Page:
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Teen killed in crash remembered as just coming into his own

Published: Wednesday, Feb. 29 2012 4:21 p.m. MST

A Jordan High School athletic jersey is taped to a light pole on State Street near 10100 South in Sandy Wednesday, Feb. 29, 2012. A Jordan High School student died after hitting this light pole.

Jeffrey D. Allred, Deseret News

SANDY — Friends say Brandon Evans, 17, was a nice, quiet boy who worked extremely hard and was coming into his own on the Jordan High School track team.

"He's the epitome of what you ask for as far as dedication. He was always at practice, always working hard to get better," coach Greg Crammer said Wednesday. "He's the kid who trips on a tree root, gets scraped up, gets up and goes some more."

"Brandon was just kind of coming out of his shell, finding out who he was, getting a group of friends and enjoying life," added Jordan High Principal Tom Sherwood. "He was a great kid and it's a tragic circumstance."

The tributes flowed Wednesday as friends, faculty and students who didn't really know Brandon mourned his loss.

Brandon was driving north on State Street just after 5 p.m. Tuesday with three other friends, two juniors and a sophomore, when his vehicle began swerving near 10100 South, like what would happen if someone was jerking the wheel, said Sandy Police Sgt. Troy Arnold.

"He lost control of the car, overcorrected a couple of times, hit the curb, which caused the car to roll onto its side," he said.

The car smashed its driver's side into a light pole. Brandon was pronounced dead at the scene. One passenger was taken by medical helicopter to a local hospital and later upgraded to stable condition. Two others were taken by ambulance to a local hospital, where they were treated and later released.

The cause of the accident was still being investigated Wednesday, but Arnold said it did not appear that speed, drugs or alcohol were factors. It may have just been a case of horseplay in the vehicle and inexperienced driving.

"It's a tragic reminder of how important it is for young drivers to stay focused on what they're doing," Arnold said.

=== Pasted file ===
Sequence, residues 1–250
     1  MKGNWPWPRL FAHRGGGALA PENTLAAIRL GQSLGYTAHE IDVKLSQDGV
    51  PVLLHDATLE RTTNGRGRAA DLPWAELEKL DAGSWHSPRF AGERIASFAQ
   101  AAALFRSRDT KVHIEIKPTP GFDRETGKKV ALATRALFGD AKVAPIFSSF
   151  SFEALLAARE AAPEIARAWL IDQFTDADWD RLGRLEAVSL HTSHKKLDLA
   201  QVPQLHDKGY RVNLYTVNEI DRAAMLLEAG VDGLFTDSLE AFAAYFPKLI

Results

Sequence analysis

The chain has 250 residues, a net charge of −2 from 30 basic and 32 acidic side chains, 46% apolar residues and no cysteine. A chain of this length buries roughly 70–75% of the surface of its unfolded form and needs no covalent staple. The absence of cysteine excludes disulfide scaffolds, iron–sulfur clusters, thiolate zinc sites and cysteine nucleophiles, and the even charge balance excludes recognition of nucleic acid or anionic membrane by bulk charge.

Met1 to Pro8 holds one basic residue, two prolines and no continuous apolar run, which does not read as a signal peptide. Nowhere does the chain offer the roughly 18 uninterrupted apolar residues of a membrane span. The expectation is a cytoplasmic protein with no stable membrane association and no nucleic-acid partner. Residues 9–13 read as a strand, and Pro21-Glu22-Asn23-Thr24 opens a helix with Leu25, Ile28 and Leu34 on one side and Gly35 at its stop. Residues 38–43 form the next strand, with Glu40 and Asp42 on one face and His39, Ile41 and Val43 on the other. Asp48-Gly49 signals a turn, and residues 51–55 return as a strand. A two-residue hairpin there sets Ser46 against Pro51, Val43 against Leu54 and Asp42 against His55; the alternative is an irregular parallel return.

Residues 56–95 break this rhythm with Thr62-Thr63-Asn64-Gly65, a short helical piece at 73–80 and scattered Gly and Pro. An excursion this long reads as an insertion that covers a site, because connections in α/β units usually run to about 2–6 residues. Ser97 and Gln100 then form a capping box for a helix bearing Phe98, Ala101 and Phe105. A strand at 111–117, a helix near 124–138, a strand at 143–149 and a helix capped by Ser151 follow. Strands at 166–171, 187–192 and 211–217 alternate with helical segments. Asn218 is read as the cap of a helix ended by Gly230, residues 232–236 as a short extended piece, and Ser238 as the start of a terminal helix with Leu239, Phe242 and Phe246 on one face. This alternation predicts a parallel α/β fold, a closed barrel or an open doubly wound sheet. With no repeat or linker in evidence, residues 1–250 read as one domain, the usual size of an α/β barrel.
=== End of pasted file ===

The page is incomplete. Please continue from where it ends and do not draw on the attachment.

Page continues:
According to the Utah Department of Public Safety's Highway Safety Office, a crash involving a teen driver happens every 35 minutes in Utah.

• Utah State University student Taylor Sauer, 18, from Caldwell, Idaho, was returning home in January when she ran into the back of a semitrailer on I-84 about 13 miles outside of Mountain Home, Idaho. Police say distracted driving contributed to the crash.

• Jaxen Henderson, a 17-year-old Copper Hills High School senior, was pulling her car into New Bingham Highway at 5150 West after school on Oct. 17 when she was struck broadside by a pickup truck and killed.

• Trenten Crawford, 18, of Tooele, died Jan. 28 following a rollover crash on state Route 36. He was experiencing "diabetic problems" and was reaching down for something to eat or drink when his car drifted from the roadway, prompting him to overcorrect. The car then rotated, slide off the road and rolled several times, ejecting him and an 18-year-old passenger.

At Jordan High on Wednesday, many students wore gray to honor Brandon.

"I feel really bad for all of his friends. I know they're going to be crying all day. He's going to be missed," said student Samantha Johns.

Brandon's death marks the third at Jordan High School this year. In the fall a volleyball player was killed in a Wyoming car crash, and earlier this year a student committed suicide.

Grief counselors were present at the school Wednesday. Although it's hard for students, Sherwood said they will pull through.

"They tend to lean on each other really heavy. With social media the way it is, they Facebook about it, and they process in different ways than they have in the past. But they all share their feelings openly and honestly and I think they have the support of their friends and maybe a broader community than they have before," the principal said.

"They're resilient. They'll get through it."

E-mail: preavy@desnews.com Twitter: DNewsCrimeTeam

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